Paranoia about the dangers of online financial transactions and identity theft is largely justified. Research by the Aite Group revealed that 47% of Americans reported being identity theft victims last year. The solution is to stay current with your digital defenses. If your device sends you an update notification, install the update. These usually contain important patches to security holes in the software. Make sure to install antivirus software on your devices as well, especially ones used for banking, shopping and business. A firewall is a good investment too since they help to head off email-based malware attacks. Most importantly, do your research. Knowing the threats is the first step to finding the tools you need to counter them.


  1. If You’re Becoming Environmentally Conscious

There may be no more important reason to invest in technology than safeguarding the future of our planet. Not too long ago, the ideas of technological progress and ecological stewardship were seen as polar opposites. That’s no longer true. In 2017, the solar industry beat government cost projections, with utility-scale production hitting $0.06 per kilowatt-hour. Photovoltaics are also incredibly versatile, able to power commercial or residential properties or be installed on specific devices.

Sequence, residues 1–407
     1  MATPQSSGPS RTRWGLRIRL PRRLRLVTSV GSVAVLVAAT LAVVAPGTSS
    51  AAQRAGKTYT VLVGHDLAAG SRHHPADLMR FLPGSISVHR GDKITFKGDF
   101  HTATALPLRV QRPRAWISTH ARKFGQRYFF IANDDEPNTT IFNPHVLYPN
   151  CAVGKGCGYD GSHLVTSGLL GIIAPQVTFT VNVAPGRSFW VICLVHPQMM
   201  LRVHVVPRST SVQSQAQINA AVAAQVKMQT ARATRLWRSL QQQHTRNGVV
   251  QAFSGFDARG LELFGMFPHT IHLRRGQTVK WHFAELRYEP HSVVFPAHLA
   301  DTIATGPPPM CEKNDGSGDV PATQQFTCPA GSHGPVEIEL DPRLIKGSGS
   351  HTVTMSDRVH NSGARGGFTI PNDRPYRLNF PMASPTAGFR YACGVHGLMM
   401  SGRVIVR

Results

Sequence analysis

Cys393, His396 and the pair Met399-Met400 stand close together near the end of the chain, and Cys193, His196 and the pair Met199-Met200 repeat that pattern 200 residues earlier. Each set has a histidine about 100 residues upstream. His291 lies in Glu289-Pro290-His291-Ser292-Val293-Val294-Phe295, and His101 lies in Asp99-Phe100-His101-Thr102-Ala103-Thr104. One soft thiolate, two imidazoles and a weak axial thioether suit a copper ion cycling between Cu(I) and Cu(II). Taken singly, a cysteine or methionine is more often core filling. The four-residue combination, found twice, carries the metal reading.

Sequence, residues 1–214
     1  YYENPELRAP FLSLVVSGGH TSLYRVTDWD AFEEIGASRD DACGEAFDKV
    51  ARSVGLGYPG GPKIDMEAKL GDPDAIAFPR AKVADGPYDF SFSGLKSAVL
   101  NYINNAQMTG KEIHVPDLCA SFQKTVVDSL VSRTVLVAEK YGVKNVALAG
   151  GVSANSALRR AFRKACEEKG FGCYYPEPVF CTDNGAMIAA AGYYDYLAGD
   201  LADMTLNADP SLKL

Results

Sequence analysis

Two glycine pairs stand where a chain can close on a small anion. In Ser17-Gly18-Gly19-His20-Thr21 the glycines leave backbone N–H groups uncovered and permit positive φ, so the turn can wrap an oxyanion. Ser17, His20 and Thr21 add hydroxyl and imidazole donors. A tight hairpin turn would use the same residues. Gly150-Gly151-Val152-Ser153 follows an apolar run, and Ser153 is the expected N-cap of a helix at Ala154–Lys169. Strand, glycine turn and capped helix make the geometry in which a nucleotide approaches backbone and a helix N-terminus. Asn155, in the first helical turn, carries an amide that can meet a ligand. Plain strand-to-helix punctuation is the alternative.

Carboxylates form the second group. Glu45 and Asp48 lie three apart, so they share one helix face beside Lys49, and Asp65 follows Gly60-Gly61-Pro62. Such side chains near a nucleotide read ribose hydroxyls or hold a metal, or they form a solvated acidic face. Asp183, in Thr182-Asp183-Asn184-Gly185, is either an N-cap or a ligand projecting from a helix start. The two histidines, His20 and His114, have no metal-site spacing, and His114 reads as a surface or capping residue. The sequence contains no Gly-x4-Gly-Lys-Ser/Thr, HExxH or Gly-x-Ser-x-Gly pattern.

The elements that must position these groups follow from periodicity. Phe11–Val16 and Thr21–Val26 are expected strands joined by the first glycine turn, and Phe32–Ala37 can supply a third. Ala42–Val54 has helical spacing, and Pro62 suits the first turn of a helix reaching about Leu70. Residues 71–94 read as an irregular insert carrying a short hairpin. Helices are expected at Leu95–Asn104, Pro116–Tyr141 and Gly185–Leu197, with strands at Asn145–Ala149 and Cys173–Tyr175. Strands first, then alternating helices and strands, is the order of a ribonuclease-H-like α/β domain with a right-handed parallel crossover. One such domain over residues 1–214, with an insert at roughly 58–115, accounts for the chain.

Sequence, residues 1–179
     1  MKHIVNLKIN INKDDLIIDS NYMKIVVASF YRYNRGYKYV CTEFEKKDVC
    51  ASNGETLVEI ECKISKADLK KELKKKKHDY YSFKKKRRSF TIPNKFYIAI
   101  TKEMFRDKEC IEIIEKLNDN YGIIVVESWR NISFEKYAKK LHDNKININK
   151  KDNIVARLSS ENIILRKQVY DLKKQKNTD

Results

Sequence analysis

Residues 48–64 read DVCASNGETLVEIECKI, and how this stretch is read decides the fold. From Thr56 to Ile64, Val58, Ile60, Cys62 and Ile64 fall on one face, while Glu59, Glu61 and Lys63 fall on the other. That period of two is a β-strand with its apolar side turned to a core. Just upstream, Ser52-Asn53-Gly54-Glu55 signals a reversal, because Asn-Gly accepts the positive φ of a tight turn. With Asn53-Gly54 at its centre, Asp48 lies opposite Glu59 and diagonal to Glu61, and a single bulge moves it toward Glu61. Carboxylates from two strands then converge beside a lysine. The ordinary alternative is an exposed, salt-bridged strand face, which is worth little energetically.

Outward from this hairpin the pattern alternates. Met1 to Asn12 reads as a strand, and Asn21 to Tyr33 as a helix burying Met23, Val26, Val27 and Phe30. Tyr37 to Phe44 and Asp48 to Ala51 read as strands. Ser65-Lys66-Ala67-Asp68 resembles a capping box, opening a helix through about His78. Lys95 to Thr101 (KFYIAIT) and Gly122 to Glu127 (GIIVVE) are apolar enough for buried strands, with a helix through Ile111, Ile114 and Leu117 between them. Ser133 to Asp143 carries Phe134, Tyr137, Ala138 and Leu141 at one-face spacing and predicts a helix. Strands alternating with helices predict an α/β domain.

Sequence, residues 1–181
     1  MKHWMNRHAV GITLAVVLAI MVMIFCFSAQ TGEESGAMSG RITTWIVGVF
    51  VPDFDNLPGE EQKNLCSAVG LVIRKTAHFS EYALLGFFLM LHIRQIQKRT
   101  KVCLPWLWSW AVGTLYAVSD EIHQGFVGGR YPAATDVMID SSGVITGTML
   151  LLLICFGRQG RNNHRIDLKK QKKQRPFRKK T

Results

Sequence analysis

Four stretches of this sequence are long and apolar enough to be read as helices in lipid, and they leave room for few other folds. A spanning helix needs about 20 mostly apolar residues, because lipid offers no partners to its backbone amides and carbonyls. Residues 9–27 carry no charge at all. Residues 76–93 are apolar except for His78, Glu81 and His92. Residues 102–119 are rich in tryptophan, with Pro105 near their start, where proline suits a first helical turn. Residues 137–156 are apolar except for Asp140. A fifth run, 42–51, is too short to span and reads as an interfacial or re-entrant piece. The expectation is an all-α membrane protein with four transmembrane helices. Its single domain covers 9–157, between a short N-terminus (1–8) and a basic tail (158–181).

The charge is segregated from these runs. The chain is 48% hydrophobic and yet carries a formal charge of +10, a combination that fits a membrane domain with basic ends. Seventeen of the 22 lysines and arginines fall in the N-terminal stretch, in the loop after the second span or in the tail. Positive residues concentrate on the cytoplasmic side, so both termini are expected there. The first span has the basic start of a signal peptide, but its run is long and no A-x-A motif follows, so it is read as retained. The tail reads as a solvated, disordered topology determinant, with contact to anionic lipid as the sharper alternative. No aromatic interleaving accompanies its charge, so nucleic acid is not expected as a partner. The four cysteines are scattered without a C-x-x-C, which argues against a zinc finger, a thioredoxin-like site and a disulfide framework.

Solar energy is, of course, not the only sustainable technology you should consider investing in. Rain barrels, for instance, can save your water bill and take pressure off the grid. Look for the federal Energy Star program label on appliances to make sure you’re getting something energy efficient. Home energy efficiency is another place where automation is taking center stage. Home energy management technology like energy use monitors and programmable thermostats can make the process of going green much simpler, often allowing control of your home power use right from a smartphone app.

The question of what technology to apply to enhance your lifestyle may seem like a complicated one, but just remember that everything starts with a plan. Before you shop around, learn your own needs and remember: You own the gadgets, they don’t own you.